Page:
Of course, they didn’t all ‘get it’. Some did, but most didn’t. Understandable of course, I mean, they didn’t get that Jesus was God, their Creator, living life with them inviting them into a better way of doing life. He’d come to save them from their burdensome life of trying to please him… and yet, for some reason, we remain attracted to religios observance and performance.

I suspect it’s primarily about our sence of right and wrong. For, while we know that we’re “saved by grace”, we still, deep down insist upon our own unworthiness and attempt to correct this injustice by doing our utmost to behave in all ways worthy.

Unfortunately, moden Christianity provides us with a plethora of ways in which we can [and must] do this. Attendance, service, tithing, worship, mission, Bible reading, studying, conferences, witnessing, meetings to organise meetings, social programs, and even prayer are all carefully scheduled into our days, weeks, months and years. All the time with us insisting, to a world that knows better, that “it’s not religion but relationship“, and… we believe it.

And Jesus says…

“Are you tired? Worn out? Burned out on religion? Come to me. Get away with me and you’ll recover your life. I’ll show you how to take a real rest. Walk with me and work with me—watch how I do it. Learn the unforced rhythms of grace. I won’t lay anything heavy or ill-fitting on you. Keep company with me and you’ll learn to live freely and lightly.”

the inciting incident

13 February, 2010

It’s been a long time since I blogged, mainly because it’s been a long time since I last felt that I’ve been able to put my heart into words.

Today however I feel that I can. Earlier this morning I was listening to a recent God Journey Podcast in which Wayne & Brad were talking with their friend Chris DuPré entitled First Love.

Chris was telling his story, and was saying how he found himself in the midst of a group of people that were “…talking about Jesus again.“. He didn’t mean in the sense that we discuss theories about Jesus, and the things he said and did when he was here on earth, but in the sense of knowing him.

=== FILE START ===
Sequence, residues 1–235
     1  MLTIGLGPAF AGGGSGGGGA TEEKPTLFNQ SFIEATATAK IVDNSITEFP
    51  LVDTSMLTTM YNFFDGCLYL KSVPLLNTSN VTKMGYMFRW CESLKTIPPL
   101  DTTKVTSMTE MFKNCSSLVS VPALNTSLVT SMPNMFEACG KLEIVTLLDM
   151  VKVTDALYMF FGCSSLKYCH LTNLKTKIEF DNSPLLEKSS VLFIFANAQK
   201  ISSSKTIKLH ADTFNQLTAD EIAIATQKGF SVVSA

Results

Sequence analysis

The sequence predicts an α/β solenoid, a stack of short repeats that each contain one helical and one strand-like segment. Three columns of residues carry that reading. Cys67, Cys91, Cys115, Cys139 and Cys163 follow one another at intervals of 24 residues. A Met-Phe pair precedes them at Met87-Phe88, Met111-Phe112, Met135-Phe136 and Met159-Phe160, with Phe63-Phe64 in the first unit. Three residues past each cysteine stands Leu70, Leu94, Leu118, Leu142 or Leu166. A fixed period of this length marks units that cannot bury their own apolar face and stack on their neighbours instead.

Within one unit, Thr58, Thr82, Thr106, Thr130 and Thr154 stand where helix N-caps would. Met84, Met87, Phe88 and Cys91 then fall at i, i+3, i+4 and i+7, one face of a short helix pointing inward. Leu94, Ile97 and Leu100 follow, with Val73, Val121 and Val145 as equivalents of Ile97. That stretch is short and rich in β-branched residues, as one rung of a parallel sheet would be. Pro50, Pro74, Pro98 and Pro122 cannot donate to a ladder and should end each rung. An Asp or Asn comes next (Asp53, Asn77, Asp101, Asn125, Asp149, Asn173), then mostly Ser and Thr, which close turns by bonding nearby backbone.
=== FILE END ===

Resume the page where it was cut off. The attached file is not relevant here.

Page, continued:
Oh my, how this caught my heart!

When did we stop talking about Jesus? When did we replace this with programs and systems and meetings and theories and principles and theologies and organisations and denominations and institutions and movements and spotlights and… self?

It tires me.
It wears me out.
It makes me sad.

Where I really want to be, is in the midst of a those who are once again talking about the real Jesus. The real Truth. The real Light. The real Way.

Jesus, the lovely One.

For a long time now I’ve had in my heart a desire to blog along the lines of “In Search of Dad’s Church“, but I kept putting it off, kept pushing it aside. Knowing that some will be [willfully] offended, and knowing my total lack of desire to enter into that conversation with them. I’m so tired of it. So very tired.

However, today, and for as long as it needs to be, this will be the theme of my blog. I am now, and have been for a long time, in search of Dad’s Church.

In search of people who are once again, talking about Jesus.

as the ruin falls

20 January, 2010

CS Lewis is one of my favourite Authors, and this is my favourite poem…

All this is flashy rhetoric about loving you.
I never had a selfless thought since I was born.
I am mercenary and self-seeking through and through:
I want God, you, all friends, merely to serve my turn.

Peace, re-assurance, pleasure, are the goals I seek,
I cannot crawl one inch outside my proper skin:
I talk of love—a scholar’s parrot may talk Greek—
But, self-imprisoned, always end where I begin.

Only that now you have taught me (but how late) my lack.
I see the chasm. And everything you are was making
My heart into a bridge by which I might get back
From exile, and grow man. And now the bridge is breaking.

For this I bless you as the ruin falls. The pains
You give me are more precious than all other gains.

~C.S.Lewis, Poems, “As the Ruin Falls” (1st pub. 1964)

the flabby body of Christ

23 November, 2009

Today I read an article on Wayne Jacobsen’s Blog and totally loved it. So rather than post my own thoughts today, I thought I’d share his post, which is in fact a post of another’s post.

It’s entitled The Flabby Body of Christ: Why is church so dull? A psychotherapist diagnoses the Sunday ritual. By Stephen W. Simpson and if you’re interested or even a little curious, you can find it here.

If you have a read, let me know what you think!